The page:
You mentioned your husband--if you are both working, I urge you to sit down and crunch the numbers. Unless you're a really high-end executive, or in some other high paying job, you may find, when you do the math, that you're going to work for just a few cents an hour. Add up: the cost of daycare, the higher taxes you pay, the cost of transportation, the cost of going to work (clothes, union dues, buying lunches out, work parties, gifts for coworkers, etc), the cost of being out of the house hours a day (buying more takeout/prepared foods, hiring others to do stuff around the house like yard work, painting, repairs, etc). When I got pregnant, we did the calculations--and we figured that I'd be going to work for $2000/year or less. Add to that, the fact that you're turning the care and raising of your child over to strangers--it wasn't worth it to us. It made sense financially for me to stay home. It made even more sense to use for me to be the one caring for our daughter, teaching her academically, being the one to educate her in morals and ethics--no one does all that like a fulltime mom. There's a reason why this country is having a lot of the problems it is (crime, irresponsibility, unwed parents, abusive relationships), and IMO, a big part of that is that children are NOT being raised by their parents, the way they have been in the past. Good luck

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I do agree with you azalea but quitting my job is not an option nor is changing our hours. I stayed home with my older child for these reasons but I make a lot more money now than I ever could have 10 years ago.

I want to make the childcare situation work because it's necessary in our situation. And I love my career. I love my children more-- working full time is what is best for our family.

We have had a much better last week since changes have been made. I don't believe my child is ADhD I believe he gets too much sleep during the day. The daycare changed his nap time and they are waking him up an hour before they were which is getting him in to bed on time, tired, and ready for sleep. Which is what we wanted.

I had noticed that the teachers are so busy with the kids and don't acknowledge me so I started acknowledging them and they speak and are friendly but absolutely refuse to take their eyes off of their class. The teacher ratio by law is 12:1 in my son's class but they keep a 5:1 ratio at all times by their own standards.

I love the friendships he has developed and I love all that he is learning. I have never had these feelings with this school and it was so upsetting to me. Sitting down and talking with the director and with his teacher really helped. They even implemented a new class policy. If a child goes to time out they get a sheet sent home. I told them he was saying he was always in time out but I never knew way since his daytime teacher was always gone before we pick him up. He has three teachers. He has a teacher before 8 -- he is rarely there before 8 and he has his home teacher which he has from 8- 4 and another teacher from 4 until he goes home. This is good because the teachers are part time hours so they are not burned out. They have a very low turn over rate which I have never found at a 'day care'. All 3 teachers have been there for over 10 years. After talking to them I was told that he doesn't go to time out often but he has gone for things that he would have gone to time out for at home. But now we get notices and an explanation. Which I am loving... I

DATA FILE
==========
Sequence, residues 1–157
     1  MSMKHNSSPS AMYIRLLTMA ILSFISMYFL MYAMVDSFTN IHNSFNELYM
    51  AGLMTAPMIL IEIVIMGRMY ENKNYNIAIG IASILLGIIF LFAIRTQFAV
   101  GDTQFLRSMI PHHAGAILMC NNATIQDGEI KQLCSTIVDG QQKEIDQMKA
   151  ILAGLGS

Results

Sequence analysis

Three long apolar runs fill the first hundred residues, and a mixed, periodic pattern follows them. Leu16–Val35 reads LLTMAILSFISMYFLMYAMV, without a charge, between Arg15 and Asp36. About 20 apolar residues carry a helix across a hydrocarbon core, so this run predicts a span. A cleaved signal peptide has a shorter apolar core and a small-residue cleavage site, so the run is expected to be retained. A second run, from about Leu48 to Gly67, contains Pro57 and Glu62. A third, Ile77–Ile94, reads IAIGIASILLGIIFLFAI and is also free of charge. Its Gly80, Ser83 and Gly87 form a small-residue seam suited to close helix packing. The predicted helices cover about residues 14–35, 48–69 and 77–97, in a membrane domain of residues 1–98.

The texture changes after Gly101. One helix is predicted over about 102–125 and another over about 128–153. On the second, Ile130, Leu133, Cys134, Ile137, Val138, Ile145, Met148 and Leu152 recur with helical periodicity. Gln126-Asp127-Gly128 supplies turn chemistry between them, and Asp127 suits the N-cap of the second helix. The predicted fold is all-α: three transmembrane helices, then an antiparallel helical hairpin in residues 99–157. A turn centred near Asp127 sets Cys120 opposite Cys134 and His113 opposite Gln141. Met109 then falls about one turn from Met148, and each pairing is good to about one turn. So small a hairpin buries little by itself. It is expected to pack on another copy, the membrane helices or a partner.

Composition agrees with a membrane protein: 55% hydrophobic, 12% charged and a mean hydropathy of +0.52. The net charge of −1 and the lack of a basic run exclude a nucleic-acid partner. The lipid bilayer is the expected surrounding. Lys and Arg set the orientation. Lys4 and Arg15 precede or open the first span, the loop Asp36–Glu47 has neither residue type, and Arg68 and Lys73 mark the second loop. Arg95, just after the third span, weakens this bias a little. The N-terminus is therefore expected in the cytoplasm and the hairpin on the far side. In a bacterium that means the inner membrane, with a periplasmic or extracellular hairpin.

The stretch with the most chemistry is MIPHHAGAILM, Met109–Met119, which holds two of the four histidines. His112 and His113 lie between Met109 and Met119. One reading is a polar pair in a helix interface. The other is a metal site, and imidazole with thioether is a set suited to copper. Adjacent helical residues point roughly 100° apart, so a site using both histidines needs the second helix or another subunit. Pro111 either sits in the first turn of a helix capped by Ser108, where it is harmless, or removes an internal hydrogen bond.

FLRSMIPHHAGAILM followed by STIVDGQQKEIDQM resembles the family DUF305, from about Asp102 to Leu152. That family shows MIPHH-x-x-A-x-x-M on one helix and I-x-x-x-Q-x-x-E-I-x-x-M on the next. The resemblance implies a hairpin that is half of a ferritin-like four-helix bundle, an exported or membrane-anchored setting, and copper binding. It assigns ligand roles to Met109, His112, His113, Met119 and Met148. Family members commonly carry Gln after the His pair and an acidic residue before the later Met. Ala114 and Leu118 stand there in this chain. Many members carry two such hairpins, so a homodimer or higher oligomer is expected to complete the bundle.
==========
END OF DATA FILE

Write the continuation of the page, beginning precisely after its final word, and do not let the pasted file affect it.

I feel so much better after talking to them and I am seeing he changes I asked for.

As far as walking in, no you can't just walk in. Every family is issued a key and all visitors have to ring the bell and be let in. It's a very secure school which I haven't really found in any of the other schools. Family member to watch him isn't an option since no family is close enough. And I prefer him to be in the an environment that is regulated by the state rather than in someone else's home. There is just something about accountability in a school than in a private home that makes me feel comfortable. I also like that they do not take field trips or transport the kids and most schools transport for summer activities etc and I'm not ok with that yet.